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Assmang Manganese Mines, Northern Cape Province, South Africa

Assmang_Manganese_Mines

Assmang's manganese mines are in the north of South Africa's Northern Cape province.

The Kalahari Manganese Field, located in Northern Cape Province, about 700km southwest of Johannesburg, contains around 80% of the world's known high-grade manganese ore reserves. The district yields about 4Mtpa, mined mainly by two companies: Samancor and Assmang.

Originally established in 1935, Assmang is jointly owned and managed by African Rainbow Minerals and Assore. The company wholly owns Nchwaning and Gloria manganese mines, near the community of Black Rock.

Nchwaning was commissioned in three phases. Nchwaning 1 was commissioned in 1972, Nchwaning 2 in 1981 and Nchwaning 3 in 2001. The Gloria mine, to the south, started production in 1978.
Both the mines had processing plants nominally rated to treat 1Mtpa of ore ore. This capacity has gradually been increased over the years through a series of upgrades.

"Assmang announced a capital expenditure programme of R500m to double manganese production by 2010."

Expansion
Early in 2000, Assmang announced an expansion involving the development of a new shaft complex at Nchwaning to add about 2Mt/y of run-of-mine ore capacity, to make Nchwaning the world’s lowest-cost underground manganese mine, and to extend its lifetime by about 30 years.

The expansion, including additional treatment capacity, was commissioned in May 2004 and was completed in May 2005 at a capitalised cost of R780m.

In June 2010, Assmang completed the construction of an R500m processing plant and doubled the output from 3 to 6Mtpa. The new plant can process 900t of ore an hour from Nchwaning 2 and 3.

Geology and reserves

rockbolting_rigs
 

One of the new Atlas Copco combined face-and-rockbolting rigs at Nchwaning.

The Kalahari Manganese Field lies within a large structural basin that extends approximately 40km south to north and 5km to 15km east to west, dipping gently northwest. At Black Rock, near the northern end of the basin, the Transvaal System rocks lie about 300m from surface, beneath Kalahari Formation sands and calcretes, Karroo System tillites and Waterberg System shales and quartzites.

The sub-horizontal stratabound manganese ore horizons occur in banded ironstone of the Voëlwater Formation at the top of a sequence of Transvaal System rocks. As well as being faulted, the horizons are folded.

The ore is massive and averages 48% manganese; at Nchwaning it is particularly low in phosphorus while Gloria has a higher manganese-to-iron ratio. At the end of 2006 Assmang's reserves totalled 192Mt with mineral resources of 428.4Mt.

As of 2010, Nchwaning's total measured and indicated resources were 30,749Mt. and Gloria's measured and indicated resources were 12,163Mt.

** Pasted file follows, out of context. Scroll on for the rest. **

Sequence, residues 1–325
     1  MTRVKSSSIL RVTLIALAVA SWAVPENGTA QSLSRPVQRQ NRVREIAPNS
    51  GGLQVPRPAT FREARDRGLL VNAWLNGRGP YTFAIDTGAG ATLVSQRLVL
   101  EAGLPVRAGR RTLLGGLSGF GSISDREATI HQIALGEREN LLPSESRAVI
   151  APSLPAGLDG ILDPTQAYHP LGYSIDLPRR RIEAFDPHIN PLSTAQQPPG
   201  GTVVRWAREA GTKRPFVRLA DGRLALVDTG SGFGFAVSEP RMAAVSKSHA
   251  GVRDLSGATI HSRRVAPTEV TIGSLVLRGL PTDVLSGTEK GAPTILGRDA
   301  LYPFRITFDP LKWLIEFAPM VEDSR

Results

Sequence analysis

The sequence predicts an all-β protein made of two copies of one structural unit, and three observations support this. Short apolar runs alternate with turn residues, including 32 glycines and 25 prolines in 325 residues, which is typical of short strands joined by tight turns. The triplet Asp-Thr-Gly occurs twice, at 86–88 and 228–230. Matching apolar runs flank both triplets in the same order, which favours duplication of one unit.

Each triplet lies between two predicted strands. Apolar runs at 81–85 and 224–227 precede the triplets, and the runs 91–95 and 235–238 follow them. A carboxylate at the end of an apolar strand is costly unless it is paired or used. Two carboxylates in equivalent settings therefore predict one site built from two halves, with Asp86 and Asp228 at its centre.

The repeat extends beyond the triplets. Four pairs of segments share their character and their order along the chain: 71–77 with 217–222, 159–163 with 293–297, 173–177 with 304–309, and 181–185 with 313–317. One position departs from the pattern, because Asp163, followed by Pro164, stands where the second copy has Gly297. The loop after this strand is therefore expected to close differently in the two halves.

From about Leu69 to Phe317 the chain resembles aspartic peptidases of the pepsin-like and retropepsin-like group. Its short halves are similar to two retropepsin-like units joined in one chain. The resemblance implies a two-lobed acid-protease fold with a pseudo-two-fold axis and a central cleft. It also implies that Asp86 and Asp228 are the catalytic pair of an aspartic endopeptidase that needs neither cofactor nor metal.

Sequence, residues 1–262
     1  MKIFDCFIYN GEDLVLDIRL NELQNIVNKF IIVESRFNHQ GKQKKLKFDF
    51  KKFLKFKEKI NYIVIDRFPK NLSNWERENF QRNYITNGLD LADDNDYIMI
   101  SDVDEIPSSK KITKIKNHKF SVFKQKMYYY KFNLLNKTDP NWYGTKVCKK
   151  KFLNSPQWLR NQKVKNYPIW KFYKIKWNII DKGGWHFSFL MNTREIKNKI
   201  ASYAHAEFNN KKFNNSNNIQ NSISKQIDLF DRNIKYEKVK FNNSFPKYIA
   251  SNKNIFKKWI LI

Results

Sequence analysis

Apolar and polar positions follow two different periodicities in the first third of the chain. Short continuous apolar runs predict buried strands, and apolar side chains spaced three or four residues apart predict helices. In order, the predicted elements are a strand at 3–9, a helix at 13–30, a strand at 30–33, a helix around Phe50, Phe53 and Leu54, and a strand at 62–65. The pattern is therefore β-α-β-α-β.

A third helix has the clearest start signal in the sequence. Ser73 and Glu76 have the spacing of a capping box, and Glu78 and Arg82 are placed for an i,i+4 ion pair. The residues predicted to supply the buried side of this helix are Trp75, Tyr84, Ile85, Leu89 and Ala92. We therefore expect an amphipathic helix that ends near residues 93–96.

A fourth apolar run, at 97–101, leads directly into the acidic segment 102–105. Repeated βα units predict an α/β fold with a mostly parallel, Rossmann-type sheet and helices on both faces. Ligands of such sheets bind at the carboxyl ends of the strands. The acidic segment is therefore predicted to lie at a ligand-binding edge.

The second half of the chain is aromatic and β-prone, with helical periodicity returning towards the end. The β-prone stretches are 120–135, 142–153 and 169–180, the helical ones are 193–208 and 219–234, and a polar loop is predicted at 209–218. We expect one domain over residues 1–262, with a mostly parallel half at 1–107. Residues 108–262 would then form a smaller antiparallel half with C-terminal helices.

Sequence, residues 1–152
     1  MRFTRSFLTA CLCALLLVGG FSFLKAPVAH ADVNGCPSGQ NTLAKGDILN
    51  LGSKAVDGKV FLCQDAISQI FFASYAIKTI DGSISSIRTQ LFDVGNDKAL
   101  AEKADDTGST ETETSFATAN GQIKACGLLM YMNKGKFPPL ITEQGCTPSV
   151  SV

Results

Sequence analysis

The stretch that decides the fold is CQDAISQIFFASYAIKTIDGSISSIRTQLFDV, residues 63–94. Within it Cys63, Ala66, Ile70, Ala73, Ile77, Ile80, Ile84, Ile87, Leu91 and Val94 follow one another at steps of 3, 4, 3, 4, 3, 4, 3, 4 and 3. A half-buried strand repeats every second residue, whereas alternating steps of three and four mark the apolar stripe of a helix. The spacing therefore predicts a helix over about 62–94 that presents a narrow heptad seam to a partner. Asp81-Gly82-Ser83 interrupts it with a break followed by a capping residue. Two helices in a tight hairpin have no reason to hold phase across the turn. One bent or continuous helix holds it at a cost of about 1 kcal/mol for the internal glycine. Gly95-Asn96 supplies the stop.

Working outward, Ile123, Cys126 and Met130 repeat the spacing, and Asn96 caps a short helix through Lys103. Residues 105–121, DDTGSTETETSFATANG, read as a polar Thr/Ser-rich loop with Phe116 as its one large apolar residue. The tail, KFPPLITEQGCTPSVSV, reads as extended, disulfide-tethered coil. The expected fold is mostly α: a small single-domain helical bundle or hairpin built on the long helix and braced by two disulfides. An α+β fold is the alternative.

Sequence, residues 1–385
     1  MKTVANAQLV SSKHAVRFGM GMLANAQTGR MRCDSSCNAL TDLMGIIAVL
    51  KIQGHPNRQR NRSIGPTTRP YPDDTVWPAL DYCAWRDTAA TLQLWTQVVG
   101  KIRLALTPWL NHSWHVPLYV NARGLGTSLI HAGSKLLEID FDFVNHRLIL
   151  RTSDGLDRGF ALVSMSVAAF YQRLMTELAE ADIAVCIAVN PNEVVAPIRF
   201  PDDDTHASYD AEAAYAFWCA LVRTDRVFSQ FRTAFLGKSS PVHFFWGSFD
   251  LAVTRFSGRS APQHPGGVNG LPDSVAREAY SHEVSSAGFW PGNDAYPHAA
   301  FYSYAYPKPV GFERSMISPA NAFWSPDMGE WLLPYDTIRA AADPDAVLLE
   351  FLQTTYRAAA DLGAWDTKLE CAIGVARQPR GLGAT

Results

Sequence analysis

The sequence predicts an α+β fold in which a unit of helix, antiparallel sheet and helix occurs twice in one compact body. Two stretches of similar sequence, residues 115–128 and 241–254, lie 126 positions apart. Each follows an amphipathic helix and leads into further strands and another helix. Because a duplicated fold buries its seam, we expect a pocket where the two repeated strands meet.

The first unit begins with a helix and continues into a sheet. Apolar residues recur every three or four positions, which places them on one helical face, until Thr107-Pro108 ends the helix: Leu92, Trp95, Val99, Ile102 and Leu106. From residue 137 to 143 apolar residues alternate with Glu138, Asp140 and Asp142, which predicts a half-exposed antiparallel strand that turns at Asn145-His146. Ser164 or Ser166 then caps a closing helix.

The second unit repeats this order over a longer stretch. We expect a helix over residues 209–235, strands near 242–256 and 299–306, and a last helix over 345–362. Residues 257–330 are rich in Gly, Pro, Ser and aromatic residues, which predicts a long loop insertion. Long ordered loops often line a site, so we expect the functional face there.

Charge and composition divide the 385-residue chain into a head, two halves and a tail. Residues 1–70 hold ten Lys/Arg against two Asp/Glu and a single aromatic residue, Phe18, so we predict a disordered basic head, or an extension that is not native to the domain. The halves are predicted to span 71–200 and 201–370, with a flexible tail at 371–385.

At the end of 2006 Assmang's reserves totalled 192Mt with mineral resources of 428.4Mt.

Mining
Both mines are underground operations, using the room-and-pillar method. Nchwaning started with one vertical hoisting shaft, with the 450m-deep No 2 vertical skip shaft added and the plant upgraded in 1981. Gloria combined a vertical shaft for personnel and materials hoisting with a long incline shaft for vehicle access and conveyor hoisting of the ore to a surface crushing, screening and washing plant.

The 2004 expansion follows this design, having a 2,200m-long incline shaft and the 500m-deep Nchwaning No.3 personnel shaft. There is also a ventilation shaft, and a workshop located on the 400 level.

Bolted development entries access rooms that are 7m to 8m wide and 3.2m to 3.5m high, while the pillars are normally 8m x 8m. Low-grade ore is left to form both the floor and roof of the rooms.

The established areas use Boart Longyear hydraulic drilling rigs and Wagner Load-Haul-Dump (LHD) machines and trucks to transport the ore to storage silos, primary crushers and screens that feed the hoisting systems. Roofs are scaled using a modified three-wheeled loader.

For the new area, Assmang requested a three-boom rig fitted with two rock drills for face work plus one for roof-bolting, so the mine can drill holes for roof bolts and face-blast holes from the same set-up. Atlas Copco has supplied four purpose-designed Rocket Boomer M3D rigs.

Assmang also added to its fleet of Atlas Copco Wagner LHDs but opted for an alternative truck brand, ordering three Caterpillar AD 30 machines.

Processing and production

Atlas_Copco_rigs

One of the Atlas Copco rigs emerging from the new incline shaft.

 

Shaft complex Nchwaning 3 provides access to high quality ore. Production from this complex commenced in May 2004 and became fully operational in February 2006. This new mining operation is serviced by two shafts; a vertical personnel shaft to a depth of 350m and a decline shaft equipped with conveyors, which is the main hoisting shaft. Hoisting capacity is +/- 200,000t per month.

The existing plant has been upgraded and now treats the ore from both Nchwaning 2 and 3 mines. The run-of-mine ore is crushed, washed and screened, with no other processing needed. After the ore has passed through the plants, it is stacked according to size and grade. The capacities of the stacks vary between 280t and 320t each, and are numbered and sampled.

Exports travel by the main South African Railways route to Port Elizabeth on the Indian Ocean. Lesser tonnages are directed to the domestic steel industry.

The future
Post the 2007-08 recession, Assmang decided to cutback on its steel production and replenish the existing stockpiles.

The company is currently planning projects to increase mine capacity of Nchwaning 2 and 3 from existing 3.6Mtpa (2010) to 4Mtpa of ore by 2013. Along similar lines, Assmang is increasing the ore production at Gloria mine from 0.48Mtpa to 0.96Mtpa.

 

 
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